4 Claims. (Cl. 219-146) This invention relates generally to the use of filled tubes for making hard facing iron base alloys in auto-.

One of the difficulties in the use of filled tubing or s tube wires in automatic welding is the loss of carbon due to the presence of manganese oxide in the flux. in the Unionmelt method of welding, for example, the tube wire is fed automatically through a bed of granulated flux, and when the arc is struck on the base metal, a portion of the flux melts, covering the weld. Manganese oxide is used, in one form or another, primarily for the purpose of allowing the slag to break off easily from the weld, for if the slag adheres too tightly to the metal, then on succeeding passes in the welding, it becomes entrapped, giving rise to various troubles.

The tubing used in such automatic welding is necessarily thin-walled, so as to enable it to be coiled for convenience of feeding, and the inside diameter of the tube must also be maintained within narrow limits for the same reason. For example, tubing for tube Wire of O. D. is made from strip .020" thick and .718" wide; tubing for tube wire of 7 O. D. is made from strip .015" thick and .624" wide; and tubing for tube Wire of /s O. D. is made from strip .012" thick and .524 wide.

These limitations of wall thickness and diameter render it difficult to incorporate substantial amounts of carbon in either the tube itself or in the contents of the tube. The carbon content of the tube comprising the tube wire is usually about .10%, so that even if high carbon strip is used for making the tube, only a very small portion of the carbon in the weld deposit can come from the steel of the tube.

On the other hand, weld deposits of good hard facing iron-base alloys usually require a minimum of 3.5% carbon, so that the major portion of this carbon must, of necessity, come from the ingredients which comprise the contents of the tube. However, due to the fact that carbon has a low density, i. e., requires a large volume for a given weight, it is ditficult to obtain the necessary carbon in the weld deposit from the ingredients which are usually used in the tube for making good hard facing iron-base alloys.

in making a certain high-chromium iron-base weld deposit, for example, a tube, such as described, was filled with high carbon chromium metal (containing carbon), plus minor amounts of ferrosilicon (containing 50% silicon), graphite, high carbon ferromanganese and various binders, including sodium silicate. The amount of high carbon chromium metal which was used was the maximum which could be placed in the tube to produce a weld deposit containing the desired amount of chromium, and the amount of carbon in such chromium metal was the maximum available. This tube on being s Pater ice melted with the automatic welding machine, using a flux containing manganese oxide, produced an iron base deposit containing 24% chromium, about 1% silicon, about 1.5% manganese (which came from the reduction of the manganese oxide in the flux), but somewhat less than 3.3% carbon.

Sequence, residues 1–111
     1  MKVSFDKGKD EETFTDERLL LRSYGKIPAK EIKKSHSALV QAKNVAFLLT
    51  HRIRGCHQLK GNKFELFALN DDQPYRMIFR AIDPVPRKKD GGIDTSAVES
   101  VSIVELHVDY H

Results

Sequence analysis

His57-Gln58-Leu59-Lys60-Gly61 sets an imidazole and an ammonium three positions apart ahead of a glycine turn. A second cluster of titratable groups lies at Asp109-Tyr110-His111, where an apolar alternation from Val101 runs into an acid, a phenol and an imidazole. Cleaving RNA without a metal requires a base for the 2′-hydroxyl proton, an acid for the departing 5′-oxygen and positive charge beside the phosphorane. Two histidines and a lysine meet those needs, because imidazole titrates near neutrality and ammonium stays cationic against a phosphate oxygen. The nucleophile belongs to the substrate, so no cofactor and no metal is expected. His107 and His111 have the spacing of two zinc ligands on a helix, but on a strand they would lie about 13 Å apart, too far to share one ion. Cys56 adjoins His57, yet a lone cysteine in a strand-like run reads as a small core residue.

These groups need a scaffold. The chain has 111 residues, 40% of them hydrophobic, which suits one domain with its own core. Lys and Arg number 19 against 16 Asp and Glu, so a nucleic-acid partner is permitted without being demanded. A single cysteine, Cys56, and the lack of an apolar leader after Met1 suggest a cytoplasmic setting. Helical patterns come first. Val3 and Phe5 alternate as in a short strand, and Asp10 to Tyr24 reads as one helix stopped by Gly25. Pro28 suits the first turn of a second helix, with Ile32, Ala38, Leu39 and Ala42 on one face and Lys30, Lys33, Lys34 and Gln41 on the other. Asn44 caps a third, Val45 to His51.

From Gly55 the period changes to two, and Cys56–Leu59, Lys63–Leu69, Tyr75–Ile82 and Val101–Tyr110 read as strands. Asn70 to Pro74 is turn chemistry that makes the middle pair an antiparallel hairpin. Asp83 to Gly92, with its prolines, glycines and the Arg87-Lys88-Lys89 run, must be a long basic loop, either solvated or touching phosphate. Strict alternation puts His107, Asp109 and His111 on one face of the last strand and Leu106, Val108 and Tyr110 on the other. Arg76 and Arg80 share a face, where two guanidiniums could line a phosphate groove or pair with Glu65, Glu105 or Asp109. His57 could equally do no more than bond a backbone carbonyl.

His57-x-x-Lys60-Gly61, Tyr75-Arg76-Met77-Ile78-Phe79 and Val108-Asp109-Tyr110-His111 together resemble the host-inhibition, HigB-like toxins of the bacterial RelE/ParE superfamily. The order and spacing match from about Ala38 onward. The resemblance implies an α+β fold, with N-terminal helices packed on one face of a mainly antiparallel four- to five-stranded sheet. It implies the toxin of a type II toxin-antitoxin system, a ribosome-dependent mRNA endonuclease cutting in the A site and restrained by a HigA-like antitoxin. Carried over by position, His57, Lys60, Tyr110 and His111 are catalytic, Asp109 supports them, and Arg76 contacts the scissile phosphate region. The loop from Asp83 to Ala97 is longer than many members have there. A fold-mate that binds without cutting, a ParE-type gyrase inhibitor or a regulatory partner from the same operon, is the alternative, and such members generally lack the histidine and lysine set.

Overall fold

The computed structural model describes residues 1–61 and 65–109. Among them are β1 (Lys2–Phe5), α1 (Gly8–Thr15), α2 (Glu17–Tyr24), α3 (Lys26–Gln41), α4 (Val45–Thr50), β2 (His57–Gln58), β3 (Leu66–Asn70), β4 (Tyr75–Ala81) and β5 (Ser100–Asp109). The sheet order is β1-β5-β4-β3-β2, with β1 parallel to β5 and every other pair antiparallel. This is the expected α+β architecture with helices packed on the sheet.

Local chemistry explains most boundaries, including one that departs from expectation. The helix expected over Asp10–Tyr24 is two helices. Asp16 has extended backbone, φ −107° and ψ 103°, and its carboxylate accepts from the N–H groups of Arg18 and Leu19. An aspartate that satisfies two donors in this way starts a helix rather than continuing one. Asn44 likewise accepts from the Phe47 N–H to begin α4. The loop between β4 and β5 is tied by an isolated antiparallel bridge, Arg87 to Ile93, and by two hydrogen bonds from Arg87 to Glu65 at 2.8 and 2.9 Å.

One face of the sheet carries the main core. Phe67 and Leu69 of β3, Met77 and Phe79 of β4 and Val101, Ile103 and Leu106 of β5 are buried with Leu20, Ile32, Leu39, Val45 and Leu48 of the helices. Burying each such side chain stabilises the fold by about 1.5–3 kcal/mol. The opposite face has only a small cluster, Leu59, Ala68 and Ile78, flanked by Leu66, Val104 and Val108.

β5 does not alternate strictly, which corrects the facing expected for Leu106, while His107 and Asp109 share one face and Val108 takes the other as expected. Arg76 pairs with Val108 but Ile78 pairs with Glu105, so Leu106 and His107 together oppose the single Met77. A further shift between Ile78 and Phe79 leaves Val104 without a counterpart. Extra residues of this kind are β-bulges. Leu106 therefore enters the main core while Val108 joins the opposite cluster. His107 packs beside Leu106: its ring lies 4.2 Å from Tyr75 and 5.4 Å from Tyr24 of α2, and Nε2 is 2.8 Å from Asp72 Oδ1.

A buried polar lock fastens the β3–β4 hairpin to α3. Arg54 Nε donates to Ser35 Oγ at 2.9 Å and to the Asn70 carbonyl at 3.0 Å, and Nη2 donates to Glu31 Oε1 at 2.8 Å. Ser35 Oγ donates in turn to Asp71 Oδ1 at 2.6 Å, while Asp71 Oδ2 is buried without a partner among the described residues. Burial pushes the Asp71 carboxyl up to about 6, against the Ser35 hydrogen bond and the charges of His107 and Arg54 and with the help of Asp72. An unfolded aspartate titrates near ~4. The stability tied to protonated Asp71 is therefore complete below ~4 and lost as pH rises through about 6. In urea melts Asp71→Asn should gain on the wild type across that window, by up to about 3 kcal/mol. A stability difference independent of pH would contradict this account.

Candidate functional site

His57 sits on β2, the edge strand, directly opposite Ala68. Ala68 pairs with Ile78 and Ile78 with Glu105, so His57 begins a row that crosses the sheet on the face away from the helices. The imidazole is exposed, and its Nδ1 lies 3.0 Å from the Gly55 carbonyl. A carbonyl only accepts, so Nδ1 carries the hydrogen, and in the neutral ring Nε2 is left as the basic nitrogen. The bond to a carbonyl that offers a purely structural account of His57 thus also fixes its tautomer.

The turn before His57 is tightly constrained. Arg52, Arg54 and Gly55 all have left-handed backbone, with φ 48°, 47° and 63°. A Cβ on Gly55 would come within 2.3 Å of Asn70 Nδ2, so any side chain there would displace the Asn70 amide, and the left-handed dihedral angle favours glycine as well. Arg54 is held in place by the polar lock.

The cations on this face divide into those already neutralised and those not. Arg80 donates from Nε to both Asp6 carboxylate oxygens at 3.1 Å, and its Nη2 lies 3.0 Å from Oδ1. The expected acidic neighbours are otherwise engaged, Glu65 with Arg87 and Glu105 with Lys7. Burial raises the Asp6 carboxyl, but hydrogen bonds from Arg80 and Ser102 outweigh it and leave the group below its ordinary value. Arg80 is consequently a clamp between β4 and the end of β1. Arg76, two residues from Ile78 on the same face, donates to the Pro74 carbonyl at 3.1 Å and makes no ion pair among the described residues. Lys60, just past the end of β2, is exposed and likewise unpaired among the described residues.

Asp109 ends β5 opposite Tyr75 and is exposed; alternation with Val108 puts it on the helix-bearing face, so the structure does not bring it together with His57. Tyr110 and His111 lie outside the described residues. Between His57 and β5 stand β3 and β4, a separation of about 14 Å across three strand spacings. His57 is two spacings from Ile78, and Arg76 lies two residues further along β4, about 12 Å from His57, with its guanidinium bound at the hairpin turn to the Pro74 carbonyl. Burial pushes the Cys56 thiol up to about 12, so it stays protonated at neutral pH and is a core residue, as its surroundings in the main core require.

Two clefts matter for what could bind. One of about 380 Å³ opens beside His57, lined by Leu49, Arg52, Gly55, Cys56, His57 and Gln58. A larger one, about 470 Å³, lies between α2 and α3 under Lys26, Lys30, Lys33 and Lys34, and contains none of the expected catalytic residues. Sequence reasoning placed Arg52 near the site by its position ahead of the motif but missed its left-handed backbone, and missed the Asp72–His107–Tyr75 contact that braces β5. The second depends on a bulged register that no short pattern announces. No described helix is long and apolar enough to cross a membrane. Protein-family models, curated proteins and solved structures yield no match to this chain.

Using the same tube, and same filler, but incorporating .5% (by weight of the filled tube) of silica (SiO the deposit was of the same composition, but contained 3.55% carbon. in general, it was found that the carbon content of the deposit was invariably from .15% to 35% less without the silica addition than with the silica addition.

The amount of silica (SiO which may be incorporated in the filled rod may vary from any appreciable amount, but usually not less than about .25% (by weight of the filled tube), and up to any amount which can be incorporated in the tube, so as to produce a deposit of the iron-base alloy, containing up to about 5% of carbon. in general, the amount of silica incorporated should be sufiicient to insure a carbon content of at least 3.4% carbon in the deposit.